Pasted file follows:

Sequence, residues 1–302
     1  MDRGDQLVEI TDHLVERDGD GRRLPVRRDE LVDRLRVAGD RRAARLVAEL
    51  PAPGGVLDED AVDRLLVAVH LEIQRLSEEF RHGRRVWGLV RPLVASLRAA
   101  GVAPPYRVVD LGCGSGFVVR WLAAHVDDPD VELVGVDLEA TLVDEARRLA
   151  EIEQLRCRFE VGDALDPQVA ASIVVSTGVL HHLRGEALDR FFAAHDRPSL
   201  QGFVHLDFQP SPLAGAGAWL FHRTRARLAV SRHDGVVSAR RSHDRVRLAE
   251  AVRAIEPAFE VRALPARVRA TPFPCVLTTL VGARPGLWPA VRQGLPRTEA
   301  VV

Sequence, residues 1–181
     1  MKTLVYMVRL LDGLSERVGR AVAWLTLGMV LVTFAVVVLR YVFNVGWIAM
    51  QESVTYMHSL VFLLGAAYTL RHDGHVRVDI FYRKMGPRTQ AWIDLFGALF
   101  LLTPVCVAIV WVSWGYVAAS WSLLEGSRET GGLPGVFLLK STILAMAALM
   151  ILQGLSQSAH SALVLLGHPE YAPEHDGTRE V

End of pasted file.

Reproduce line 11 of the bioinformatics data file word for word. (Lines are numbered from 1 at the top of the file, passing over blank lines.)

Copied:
    51  QESVTYMHSL VFLLGAAYTL RHDGHVRVDI FYRKMGPRTQ AWIDLFGALF